- Empathy is the ability to step into the shoes of another person, understand his or her feelings and point of view, and use that understanding to guide our actions.
- Great customer service is mostly about empathy.
- Buying and selling real estate is an emotional event for most people. How our clients feel colors the transaction.
It is one of those soft skills that we need when we work with people. There are no continuing education classes, and it isn’t on the state licensing exam.
It’s at the top of my list of things I want to work on in 2017 and one of the abilities I look for in agents who I want to be part of my company.
What empathy really means
Empathy is the ability to step into the shoes of another person, aiming to understand his or her feelings and point of view, and to use that understanding to guide our actions.
Most of us start to develop empathy in childhood, and we can nurture it as we go through life and use it to understand others.
Maybe in 2017 empathy will be the new black or orange. There are numerous articles about how managers need to use empathy in the work place and entire books about how empathy can help deepen our relationships and help us become more successful in business.
We could all benefit from working with real estate agents, real estate offices and associations that are more empathetic. It is empathy that helps us understand what the lives of others might be like.
It also helps us create organizations that are inclusive and gives us the ability to provide extraordinary customer service.
Great customer service is mostly about empathy.
When my 3-year-old furnace stopped working the night before Thanksgiving, the company I usually call was not able to convince me that it even understood why not having heat was a problem — when the temperatures outside were below freezing.
Maybe the company did understand, but it failed to convey that understanding to me. I dumped that company and called someone else.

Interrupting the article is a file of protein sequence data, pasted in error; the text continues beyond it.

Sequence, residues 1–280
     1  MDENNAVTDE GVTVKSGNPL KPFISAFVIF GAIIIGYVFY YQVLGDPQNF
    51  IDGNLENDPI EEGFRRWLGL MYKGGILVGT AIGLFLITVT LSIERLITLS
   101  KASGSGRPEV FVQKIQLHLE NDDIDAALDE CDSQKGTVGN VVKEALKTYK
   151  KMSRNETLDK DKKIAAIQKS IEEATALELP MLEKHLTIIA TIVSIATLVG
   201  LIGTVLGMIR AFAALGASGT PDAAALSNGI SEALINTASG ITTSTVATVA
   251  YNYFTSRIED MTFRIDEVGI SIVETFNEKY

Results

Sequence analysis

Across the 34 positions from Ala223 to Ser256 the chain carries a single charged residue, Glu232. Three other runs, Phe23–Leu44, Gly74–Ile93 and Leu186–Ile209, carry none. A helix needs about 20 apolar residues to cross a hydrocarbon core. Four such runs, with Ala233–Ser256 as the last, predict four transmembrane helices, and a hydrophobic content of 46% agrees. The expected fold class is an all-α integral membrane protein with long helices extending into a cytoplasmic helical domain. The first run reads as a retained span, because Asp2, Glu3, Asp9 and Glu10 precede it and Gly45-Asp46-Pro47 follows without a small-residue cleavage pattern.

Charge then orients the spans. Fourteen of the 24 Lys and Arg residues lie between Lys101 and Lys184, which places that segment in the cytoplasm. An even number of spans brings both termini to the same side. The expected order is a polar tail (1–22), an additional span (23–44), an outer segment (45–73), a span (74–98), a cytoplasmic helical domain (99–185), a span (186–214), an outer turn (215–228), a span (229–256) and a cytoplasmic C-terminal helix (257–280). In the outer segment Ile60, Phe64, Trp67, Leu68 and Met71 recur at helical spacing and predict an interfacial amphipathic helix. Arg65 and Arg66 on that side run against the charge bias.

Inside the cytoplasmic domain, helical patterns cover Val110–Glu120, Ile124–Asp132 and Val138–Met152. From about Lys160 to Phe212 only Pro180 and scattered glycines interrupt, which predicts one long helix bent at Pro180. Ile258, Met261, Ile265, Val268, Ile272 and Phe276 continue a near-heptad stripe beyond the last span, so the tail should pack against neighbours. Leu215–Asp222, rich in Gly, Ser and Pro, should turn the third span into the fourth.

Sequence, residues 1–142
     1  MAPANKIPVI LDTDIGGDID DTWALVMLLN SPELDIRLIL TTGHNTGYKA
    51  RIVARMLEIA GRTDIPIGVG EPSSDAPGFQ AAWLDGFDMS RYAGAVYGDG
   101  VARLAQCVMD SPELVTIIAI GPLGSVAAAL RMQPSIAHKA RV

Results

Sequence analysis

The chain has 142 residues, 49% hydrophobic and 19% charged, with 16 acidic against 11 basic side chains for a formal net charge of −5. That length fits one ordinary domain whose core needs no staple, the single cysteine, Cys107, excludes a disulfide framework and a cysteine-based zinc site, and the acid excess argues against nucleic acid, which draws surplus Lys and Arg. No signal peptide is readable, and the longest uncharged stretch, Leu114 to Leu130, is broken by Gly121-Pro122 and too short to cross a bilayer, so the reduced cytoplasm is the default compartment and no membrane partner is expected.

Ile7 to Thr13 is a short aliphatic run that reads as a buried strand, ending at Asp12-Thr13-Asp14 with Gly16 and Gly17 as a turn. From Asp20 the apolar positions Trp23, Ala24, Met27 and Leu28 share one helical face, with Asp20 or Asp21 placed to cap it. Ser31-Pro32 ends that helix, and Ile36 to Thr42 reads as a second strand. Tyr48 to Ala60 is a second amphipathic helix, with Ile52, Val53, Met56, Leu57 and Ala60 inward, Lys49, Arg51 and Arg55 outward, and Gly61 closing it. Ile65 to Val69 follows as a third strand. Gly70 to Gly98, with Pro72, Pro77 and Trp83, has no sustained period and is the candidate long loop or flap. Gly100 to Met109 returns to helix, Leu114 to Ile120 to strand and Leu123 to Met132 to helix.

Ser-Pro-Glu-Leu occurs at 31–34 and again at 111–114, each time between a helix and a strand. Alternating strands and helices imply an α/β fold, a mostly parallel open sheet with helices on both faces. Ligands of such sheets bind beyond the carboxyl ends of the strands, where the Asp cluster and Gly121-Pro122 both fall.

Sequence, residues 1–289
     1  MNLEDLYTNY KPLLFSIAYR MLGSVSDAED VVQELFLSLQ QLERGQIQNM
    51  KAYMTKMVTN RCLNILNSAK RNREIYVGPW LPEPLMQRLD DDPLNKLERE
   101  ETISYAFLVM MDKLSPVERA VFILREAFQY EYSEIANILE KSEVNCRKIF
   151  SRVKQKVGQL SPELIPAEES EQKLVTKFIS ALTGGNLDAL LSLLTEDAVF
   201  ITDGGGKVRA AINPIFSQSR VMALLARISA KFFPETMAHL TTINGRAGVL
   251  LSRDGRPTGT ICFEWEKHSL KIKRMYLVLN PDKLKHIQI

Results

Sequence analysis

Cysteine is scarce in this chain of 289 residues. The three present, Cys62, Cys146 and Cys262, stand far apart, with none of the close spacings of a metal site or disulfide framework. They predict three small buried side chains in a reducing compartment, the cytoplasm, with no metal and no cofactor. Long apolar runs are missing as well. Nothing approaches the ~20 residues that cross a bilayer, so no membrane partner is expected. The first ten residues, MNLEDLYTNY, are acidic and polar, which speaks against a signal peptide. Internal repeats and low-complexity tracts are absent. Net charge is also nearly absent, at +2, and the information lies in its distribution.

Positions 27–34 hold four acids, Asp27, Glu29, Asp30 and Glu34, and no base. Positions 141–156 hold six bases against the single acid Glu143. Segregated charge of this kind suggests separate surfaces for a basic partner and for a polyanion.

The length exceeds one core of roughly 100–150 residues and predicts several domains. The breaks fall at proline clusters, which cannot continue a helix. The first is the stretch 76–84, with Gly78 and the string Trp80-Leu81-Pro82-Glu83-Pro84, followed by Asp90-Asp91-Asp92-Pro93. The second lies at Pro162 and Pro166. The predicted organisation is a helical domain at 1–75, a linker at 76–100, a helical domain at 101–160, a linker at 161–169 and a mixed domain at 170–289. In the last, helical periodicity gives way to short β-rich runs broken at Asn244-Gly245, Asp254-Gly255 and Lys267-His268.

The company I called sent a technician out a couple of hours later and charged us extra for the emergency service — but he acted like he understood the importance of central heating.
The company treated me like my call mattered and like it was just sitting around, waiting for someone to call with a broken furnace so its people could fix it. I would rather work with them.
Show, don’t tell
It isn’t enough to have a recorded message stating that a call is important. Actions speak louder than words.
Answering or returning calls, listening to what callers say and expressing interest in them and their needs shows that the call is important.
Using empathy works well during negotiations, too. By understanding how the other party feels, we have a better chance of suggesting a solution that might be acceptable to all parties.
Let’s face it; buying and selling real estate is an emotional event for most people. How our clients feel colors the transaction.
An example is the homeowner who says “no one ever paid my closing costs; why should I help these buyers?” It is empathy that allows us to understand how he or she might feel so that we can use a different approach when negotiating to pay the buyers’ closing costs.
When buyers lose out on the home they wanted after they made the lowball offer we advised against, we still need to be empathetic.
It is their home purchase, and how much they offer is their choice. I don’t always agree with the decisions my clients make, but if I try, I can understand why they made them.
Empathy is a problem-solver
When something goes wrong, a little empathy can help us keep a small problem from growing into a big lawsuit. Finger pointing, defensiveness and blaming others shows a lack of empathy and usually leads to dissatisfied clients.
In recent months, especially after the messy presidential election, it has become apparent that empathy is a skill that we all need to work on. We need to listen to people we do not agree with and try to understand them instead of ignoring anyone who doesn’t validate our own beliefs.
Being empathetic doesn’t mean agreeing with others. We can understand how someone feels without agreeing with them.
Sometimes it takes a little imagination to put ourselves in someone else’s shoes. If we put ourselves in our clients’ shoes, we are more likely to do the right thing.
The first step in being empathetic is listening and attempting to understand. Listening is also the beginning for most of us as we get ready to work with new clients.
If we want to provide excellent service, we need to first understand what that looks like from our clients’ point of view.